A creative resolution to this difficulty was first offered by Bokrat, who claimed that אני לא באתי אלא לפשוטו של מקרא does not mean “I have come [to write] only peshuto shel miqra’, throughout this Bible commentary,” but rather “I have come [to write] only peshuto shel miqra’ in my commentary on this particular verse.” This explanation might appear forced, but it cannot be ruled out. The construction אין... אלא (or לא... אלא) is not always used for sweeping generalizing statements.[39]

Rashi’s blend of peshat and midrash may be a sign not of inconsistency, but of genius. Rashi understood what most Jews wanted in a Torah commentary: some careful readings of the biblical text, some grammatical explanations, and, mostly, a sampling of uplifting, edifying, or entertaining midrashim. Add to this his strong personal character—for example, his frequent willingness to humbly write “איני יודע (I don’t know),”[40] something that later commentators rarely did—and we can begin to understand what made Rashi into the Jewish Torah commentator par excellence.

Addendum

Rashi and Contemporaneous Events or Issues

Scholars disagree about whether Rashi sometimes alludes to events in his own lifetime. For example, Rashi comments on the first verse in Genesis that the purpose of the stories of Genesis was to establish the legitimacy of the Jewish claim on the land of Israel. Was he reacting to the events of the last nine years of his life, when Christian Crusaders were battling with Muslims for hegemony in the Holy Land? Alternatively, might it be more correct to say, as Avraham Grossman pointed out,[41] that Rashi opened his commentary on each volume of the Torah by emphasizing the special nature of God’s relationship with the Jewish people?

A similar debate exists about whether Rashi tries to refute Christian claims in his Torah commentary. Certainly in some biblical books, especially Psalms, he demonstrates awareness of and opposition to Christians’ interpretations. For example, the uncensored text[42] of Rashi’s commentary on Psalms 21:2 reads:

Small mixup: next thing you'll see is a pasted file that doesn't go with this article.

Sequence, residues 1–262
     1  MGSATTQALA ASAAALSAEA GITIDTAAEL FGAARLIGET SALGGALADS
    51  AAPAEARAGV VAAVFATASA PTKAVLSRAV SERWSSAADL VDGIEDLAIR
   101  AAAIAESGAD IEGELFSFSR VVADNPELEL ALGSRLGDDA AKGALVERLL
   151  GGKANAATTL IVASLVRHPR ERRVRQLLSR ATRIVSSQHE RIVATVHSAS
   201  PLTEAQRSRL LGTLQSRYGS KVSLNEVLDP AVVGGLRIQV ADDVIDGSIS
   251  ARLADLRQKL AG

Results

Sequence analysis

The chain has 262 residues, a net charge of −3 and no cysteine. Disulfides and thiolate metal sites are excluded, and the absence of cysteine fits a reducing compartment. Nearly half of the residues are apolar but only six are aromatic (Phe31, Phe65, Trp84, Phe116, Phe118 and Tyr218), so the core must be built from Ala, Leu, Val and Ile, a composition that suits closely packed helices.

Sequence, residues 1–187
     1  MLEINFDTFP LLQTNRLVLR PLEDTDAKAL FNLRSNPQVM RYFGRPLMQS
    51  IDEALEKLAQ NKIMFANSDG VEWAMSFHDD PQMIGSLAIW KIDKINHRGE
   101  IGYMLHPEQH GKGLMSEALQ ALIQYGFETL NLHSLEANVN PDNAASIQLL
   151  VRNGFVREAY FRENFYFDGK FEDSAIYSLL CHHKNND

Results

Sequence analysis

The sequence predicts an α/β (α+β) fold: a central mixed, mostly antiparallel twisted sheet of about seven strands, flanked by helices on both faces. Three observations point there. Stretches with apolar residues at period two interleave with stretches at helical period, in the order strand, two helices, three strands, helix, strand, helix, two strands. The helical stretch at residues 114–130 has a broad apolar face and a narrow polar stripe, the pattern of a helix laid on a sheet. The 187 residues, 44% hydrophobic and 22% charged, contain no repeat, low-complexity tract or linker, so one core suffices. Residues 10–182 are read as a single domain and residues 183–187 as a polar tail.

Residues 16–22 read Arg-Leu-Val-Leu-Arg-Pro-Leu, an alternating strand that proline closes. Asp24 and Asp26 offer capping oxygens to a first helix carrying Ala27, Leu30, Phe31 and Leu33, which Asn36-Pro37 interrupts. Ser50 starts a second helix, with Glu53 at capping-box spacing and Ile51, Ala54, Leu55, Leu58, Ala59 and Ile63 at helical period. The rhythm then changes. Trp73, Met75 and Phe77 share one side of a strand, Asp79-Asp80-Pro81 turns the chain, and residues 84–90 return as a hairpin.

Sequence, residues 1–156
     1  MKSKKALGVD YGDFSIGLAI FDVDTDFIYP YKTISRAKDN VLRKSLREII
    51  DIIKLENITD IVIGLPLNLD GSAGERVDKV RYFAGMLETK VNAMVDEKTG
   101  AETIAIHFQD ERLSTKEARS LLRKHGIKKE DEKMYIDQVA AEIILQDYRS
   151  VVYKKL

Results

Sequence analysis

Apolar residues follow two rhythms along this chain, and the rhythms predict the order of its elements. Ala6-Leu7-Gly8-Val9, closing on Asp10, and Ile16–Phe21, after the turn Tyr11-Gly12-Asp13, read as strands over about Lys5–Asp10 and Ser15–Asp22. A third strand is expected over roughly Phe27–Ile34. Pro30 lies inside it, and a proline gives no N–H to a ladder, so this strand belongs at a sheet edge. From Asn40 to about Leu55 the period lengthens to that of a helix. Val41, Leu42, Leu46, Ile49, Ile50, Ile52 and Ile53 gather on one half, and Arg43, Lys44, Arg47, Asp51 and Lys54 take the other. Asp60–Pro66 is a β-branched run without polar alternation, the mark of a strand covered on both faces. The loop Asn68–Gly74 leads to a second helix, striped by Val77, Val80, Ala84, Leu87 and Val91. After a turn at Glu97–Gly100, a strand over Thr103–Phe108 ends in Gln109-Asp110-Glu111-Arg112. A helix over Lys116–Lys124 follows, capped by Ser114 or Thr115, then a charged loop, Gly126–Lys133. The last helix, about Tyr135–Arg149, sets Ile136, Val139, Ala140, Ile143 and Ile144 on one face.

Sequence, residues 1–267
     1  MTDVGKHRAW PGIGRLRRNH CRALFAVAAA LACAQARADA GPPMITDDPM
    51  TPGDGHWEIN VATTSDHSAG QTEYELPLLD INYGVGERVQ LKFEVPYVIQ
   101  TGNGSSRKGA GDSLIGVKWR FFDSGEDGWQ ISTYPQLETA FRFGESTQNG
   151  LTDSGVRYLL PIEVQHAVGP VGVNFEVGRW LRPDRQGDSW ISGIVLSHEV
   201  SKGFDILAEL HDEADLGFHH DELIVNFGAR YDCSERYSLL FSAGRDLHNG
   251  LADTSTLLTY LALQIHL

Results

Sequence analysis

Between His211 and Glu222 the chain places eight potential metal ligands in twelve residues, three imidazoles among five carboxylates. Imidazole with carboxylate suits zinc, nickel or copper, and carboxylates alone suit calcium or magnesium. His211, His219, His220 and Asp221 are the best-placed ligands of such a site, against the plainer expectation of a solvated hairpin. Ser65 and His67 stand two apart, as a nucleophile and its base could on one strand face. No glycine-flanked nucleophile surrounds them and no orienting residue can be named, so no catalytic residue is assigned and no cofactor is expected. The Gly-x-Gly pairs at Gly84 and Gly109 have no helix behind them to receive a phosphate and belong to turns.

רבותינו פתרוהו על מלך המשיח; ונכון הדבר לפותרו עוד על דוד עצמו, לתשובת המינין שפקרו בו.
The rabbis interpreted this psalm as referring to the messianic king; [but] it is fitting to interpret it about King David himself, as an appropriate refutation of the minim (= Christians) who found support in it for their heretical beliefs.

But in his Torah commentary, we find no explicit references to Christian interpretation of the Torah or doctrine, and the arguments that attempt to find veiled polemics against Christianity or Christian exegesis are often weak. A generation or two after Rashi, anti-Christian arguments begin to appear explicitly in Ashkenazic Torah commentaries.[43]

Published

November 26, 2019

|

Last Updated

July 28, 2020

Footnotes

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Prof. Rabbi Marty Lockshin is University Professor Emeritus at York University and lives in Jerusalem. He received his Ph.D. in Near Eastern and Judaic Studies from Brandeis University and his rabbinic ordination in Israel while studying in Yeshivat Merkaz HaRav Kook. Among Lockshin’s publications is his four-volume translation and annotation of Rashbam’s commentary on the Torah.